Virginia, who has experienced several nervous breakdowns and suffers from bipolar disorder, feels trapped in her home, intimidated by servants and constantly under the eye of her husband Leonard (Stephen Dillane) who has begun a publishing business, Hogarth Press, at home to stay close to her. Woolf both welcomes and dreads an afternoon visit from her sister Vanessa (Miranda Richardson) and her children. After their departure, Virginia flees to the railway station where she is awaiting a train to central London when Leonard arrives to bring her home. He tells her how he lives in constant fear that she will take her own life. She says she fears it also, but argues that if she is to live she has the right to decide how, and where, as much as any other.


Pregnant with her second child, Laura spends her days in her tract home with her young son, Richie. She married her husband, Dan (John C. Reilly), soon after World War II. On the surface they are living the American Dream, though she is deeply unhappy. She and Richie make a cake for Dan's birthday, but it is a disaster. Her neighbour Kitty (Toni Collette) drops in to ask her if she can feed her dog while she's in the hospital for a procedure. Kitty pretends to be upbeat, but Laura senses her fear and boldly kisses her on the lips. Kitty then pretends as if nothing happened. Laura and Richie successfully make another cake and clean up, and then she takes Richie to stay with Mrs. Latch (Margo Martindale). He is terrified of being left without her and she insists she will be back, but instead of running errands she checks into a hotel where she intends to commit suicide. Laura removes several bottles of pills and Woolf's novel from her purse, and begins to read Mrs Dalloway. She drifts off to sleep, and dreams the hotel room is flooded, awakening with a change of heart, and caresses her belly. She picks up Richie and they return home to celebrate Dan's birthday.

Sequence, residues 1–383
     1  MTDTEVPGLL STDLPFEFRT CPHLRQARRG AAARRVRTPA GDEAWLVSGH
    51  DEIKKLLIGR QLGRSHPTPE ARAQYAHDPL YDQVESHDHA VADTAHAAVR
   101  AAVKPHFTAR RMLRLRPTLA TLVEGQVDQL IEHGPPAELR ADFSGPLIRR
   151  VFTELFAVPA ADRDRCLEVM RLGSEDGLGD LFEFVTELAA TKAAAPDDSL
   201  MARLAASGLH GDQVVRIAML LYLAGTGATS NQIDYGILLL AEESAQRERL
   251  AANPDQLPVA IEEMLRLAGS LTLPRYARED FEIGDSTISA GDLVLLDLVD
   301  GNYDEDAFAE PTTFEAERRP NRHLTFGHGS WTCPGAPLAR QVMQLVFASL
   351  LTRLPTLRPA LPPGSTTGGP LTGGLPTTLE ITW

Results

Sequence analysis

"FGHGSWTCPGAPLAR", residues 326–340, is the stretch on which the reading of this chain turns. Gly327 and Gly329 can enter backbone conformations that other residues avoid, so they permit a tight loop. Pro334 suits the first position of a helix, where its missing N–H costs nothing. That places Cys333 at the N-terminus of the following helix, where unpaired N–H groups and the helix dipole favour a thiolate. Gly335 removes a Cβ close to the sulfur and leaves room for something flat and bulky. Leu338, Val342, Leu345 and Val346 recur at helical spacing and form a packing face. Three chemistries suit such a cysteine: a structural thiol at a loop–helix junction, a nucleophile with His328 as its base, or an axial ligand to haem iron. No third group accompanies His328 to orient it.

Clarissa appears equally worried about Richard's depression and the party she is planning for him. She frantically cleans and cooks while Louis Waters watches, before finally crumpling in tears. Although Clarissa herself is a lesbian who has been living with Sally Lester (Allison Janney) for 10 years, she and Richard were lovers during their college days, and he has spent the better part of his life in gay relationships, including one with Louis Waters (Jeff Daniels), who left him years ago but returns for the festivities. Clarissa's daughter, Julia (Claire Danes), comes home to help her prepare. Richard has taken all sorts of pills but tells Clarissa she is the most beautiful thing he ever had in life, before he throws himself out a window to his death. Later that night Laura, who is Richard's mother, arrives at Clarissa's apartment. It is clear that Laura's abandonment of her family was a profound trauma for Richard, but Laura reveals it was a better decision for her to leave the family after the birth of her daughter, rather than commit suicide. She has led an independent, happier life as a librarian in Canada. She does not apologize for the hurt she caused to her family (Dan and their daughter are also both dead), and suggests that it's not possible to feel regret for something over which she had no choice. She acknowledges that no one will forgive her, but offers an explanation: "It [her life] was death. I chose life." When Julia hugs her, she looks stunned and surprised, then moved by the demonstration of compassion.

Release Dates:

Theatrical : 2003-01-24 : United States of America

DVD : 2003-06-24